From origins in the cool altitudes of the Andes, the potato is not well suited to the extreme temperatures or flooding brought on by climate change. Plant scientists are breeding ‘super-spuds’ able to endure harsher environmental conditions.
The humble potato was first domesticated near Lake Titicaca in present-day Peru at least 8 000 years ago, and went on to sustain the great cities of the Inca empire. By the mid-16th century, it had left the Andes and crossed the Atlantic to Europe where it was introduced to Ireland in 1589 by English adventurer and courtier, the enigmatic Sir Walter Raleigh. Highly productive and extremely popular, the potato plant soon went on to become a staple in many European countries.
Today, it is the fourth most commonly grown food crop globally, after rice, maize, and wheat. Nonetheless, it remains vulnerable to waterlogging and heat stress, conditions that it did not evolve to withstand in its original high-altitude home in the Andes. Now, with pollution upending Europe’s climate, the potato has to confront these dual nemeses with increasing regularity.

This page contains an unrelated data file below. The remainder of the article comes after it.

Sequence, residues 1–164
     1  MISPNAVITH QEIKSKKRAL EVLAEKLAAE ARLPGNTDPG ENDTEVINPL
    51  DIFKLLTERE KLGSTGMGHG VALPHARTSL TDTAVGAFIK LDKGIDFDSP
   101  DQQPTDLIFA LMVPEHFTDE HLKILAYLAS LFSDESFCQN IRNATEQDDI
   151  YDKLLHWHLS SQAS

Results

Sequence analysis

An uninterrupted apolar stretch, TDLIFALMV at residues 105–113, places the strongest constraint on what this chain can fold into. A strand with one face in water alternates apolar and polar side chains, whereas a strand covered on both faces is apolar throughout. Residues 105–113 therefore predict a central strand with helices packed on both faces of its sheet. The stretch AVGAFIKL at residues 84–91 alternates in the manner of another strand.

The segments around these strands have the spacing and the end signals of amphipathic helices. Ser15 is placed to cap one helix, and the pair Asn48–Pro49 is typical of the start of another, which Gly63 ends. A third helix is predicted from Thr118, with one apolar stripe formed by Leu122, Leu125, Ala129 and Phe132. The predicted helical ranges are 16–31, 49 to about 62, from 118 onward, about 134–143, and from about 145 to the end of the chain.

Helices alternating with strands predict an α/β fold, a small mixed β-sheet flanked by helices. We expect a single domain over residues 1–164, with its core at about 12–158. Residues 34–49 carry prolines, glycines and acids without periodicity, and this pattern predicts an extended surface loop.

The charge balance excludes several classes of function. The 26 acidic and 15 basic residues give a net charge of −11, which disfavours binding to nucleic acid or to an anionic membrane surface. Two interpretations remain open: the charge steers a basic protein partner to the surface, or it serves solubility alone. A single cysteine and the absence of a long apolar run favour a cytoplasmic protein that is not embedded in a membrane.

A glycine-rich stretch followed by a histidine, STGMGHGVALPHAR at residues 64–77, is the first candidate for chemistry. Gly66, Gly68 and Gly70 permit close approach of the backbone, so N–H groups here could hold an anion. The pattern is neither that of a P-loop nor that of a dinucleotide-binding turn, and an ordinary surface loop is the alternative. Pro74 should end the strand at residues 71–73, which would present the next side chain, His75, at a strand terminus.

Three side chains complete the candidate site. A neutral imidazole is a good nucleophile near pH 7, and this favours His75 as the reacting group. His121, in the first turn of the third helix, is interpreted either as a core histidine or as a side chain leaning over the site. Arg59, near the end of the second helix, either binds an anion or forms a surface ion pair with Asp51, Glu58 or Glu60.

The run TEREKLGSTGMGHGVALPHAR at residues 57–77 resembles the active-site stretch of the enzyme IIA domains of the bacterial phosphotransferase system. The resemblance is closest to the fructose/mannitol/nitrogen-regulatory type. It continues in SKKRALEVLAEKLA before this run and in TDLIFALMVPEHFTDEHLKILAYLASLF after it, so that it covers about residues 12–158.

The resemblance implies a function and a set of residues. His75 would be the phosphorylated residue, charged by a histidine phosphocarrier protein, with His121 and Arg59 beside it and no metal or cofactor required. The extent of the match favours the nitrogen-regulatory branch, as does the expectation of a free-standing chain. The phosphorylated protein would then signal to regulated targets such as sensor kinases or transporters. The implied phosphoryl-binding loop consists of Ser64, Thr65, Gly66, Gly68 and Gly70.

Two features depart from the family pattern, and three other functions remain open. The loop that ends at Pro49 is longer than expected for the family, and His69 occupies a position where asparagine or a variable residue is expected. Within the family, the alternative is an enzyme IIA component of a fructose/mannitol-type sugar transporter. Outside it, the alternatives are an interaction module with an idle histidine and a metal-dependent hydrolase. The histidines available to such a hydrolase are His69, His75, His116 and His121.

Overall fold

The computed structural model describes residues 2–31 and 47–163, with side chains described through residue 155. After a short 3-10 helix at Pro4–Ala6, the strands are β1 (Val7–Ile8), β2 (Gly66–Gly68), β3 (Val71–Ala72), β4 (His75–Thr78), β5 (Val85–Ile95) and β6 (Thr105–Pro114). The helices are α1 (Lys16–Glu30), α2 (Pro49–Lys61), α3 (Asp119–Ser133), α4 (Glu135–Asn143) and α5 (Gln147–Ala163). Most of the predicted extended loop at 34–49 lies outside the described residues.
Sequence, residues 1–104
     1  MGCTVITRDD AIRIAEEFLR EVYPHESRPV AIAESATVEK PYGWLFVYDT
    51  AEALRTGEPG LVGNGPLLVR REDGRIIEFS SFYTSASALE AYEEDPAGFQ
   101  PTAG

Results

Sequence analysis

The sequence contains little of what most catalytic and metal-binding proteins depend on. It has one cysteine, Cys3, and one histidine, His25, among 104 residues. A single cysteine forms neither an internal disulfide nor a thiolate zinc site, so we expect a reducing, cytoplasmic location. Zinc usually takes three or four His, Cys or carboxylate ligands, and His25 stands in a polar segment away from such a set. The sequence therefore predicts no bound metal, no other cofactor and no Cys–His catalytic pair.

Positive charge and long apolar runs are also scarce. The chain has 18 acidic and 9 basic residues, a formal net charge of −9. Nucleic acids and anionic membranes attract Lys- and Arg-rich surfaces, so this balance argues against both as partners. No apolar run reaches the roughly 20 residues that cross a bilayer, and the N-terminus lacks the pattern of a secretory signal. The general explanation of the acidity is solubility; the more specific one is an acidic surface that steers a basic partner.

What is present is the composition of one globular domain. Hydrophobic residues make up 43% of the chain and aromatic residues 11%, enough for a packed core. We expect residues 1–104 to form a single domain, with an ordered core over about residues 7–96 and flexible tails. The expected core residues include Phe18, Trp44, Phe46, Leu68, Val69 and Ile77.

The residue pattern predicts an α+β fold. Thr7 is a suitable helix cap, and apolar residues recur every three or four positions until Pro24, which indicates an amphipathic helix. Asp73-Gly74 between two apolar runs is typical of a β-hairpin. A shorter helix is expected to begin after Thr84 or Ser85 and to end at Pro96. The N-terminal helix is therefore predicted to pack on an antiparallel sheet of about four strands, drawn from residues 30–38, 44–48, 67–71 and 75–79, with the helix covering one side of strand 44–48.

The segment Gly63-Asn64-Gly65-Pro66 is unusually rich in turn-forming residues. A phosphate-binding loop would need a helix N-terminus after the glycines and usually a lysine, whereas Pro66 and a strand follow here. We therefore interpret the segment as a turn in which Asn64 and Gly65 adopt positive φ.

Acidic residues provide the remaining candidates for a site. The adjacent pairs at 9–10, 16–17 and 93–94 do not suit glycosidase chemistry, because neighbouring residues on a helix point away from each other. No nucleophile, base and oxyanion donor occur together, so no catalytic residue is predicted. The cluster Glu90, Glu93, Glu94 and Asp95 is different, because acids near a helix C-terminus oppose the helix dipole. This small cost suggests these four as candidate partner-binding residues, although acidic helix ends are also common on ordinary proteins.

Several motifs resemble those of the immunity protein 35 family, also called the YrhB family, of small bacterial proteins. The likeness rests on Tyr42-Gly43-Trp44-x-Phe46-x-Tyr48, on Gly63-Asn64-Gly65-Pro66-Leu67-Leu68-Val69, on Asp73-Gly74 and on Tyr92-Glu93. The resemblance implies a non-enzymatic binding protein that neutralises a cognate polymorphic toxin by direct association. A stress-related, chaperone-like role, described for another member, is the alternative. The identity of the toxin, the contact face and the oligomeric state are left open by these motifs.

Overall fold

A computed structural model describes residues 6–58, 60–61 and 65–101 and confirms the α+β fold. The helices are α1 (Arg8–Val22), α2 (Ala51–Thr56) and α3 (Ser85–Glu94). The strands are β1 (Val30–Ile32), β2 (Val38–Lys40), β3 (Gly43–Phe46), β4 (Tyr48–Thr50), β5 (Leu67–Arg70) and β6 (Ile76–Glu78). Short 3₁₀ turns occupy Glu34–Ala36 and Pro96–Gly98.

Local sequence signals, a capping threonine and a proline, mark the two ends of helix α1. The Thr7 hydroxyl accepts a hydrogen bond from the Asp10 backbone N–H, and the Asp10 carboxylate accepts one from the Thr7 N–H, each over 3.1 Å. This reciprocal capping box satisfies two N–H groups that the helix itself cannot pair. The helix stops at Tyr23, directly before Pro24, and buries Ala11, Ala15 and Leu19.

‘Some potatoes are quite tolerant of drought stress, but they all have big problems with heat and flooding,’ says Dr Markus Teige, plant scientist at the University of Vienna who is leading the ADAPT project. ADAPT is developing new strategies to ensure potato crop productivity remains stable in the growth conditions of the future.
Plants afflicted by excessive heat stop producing sugars—preventing the development of tubers—and then race to flower early. This is an excellent strategy for wild potatoes to ensure the survival of the species under challenging conditions, but it delivers low yields to farmers.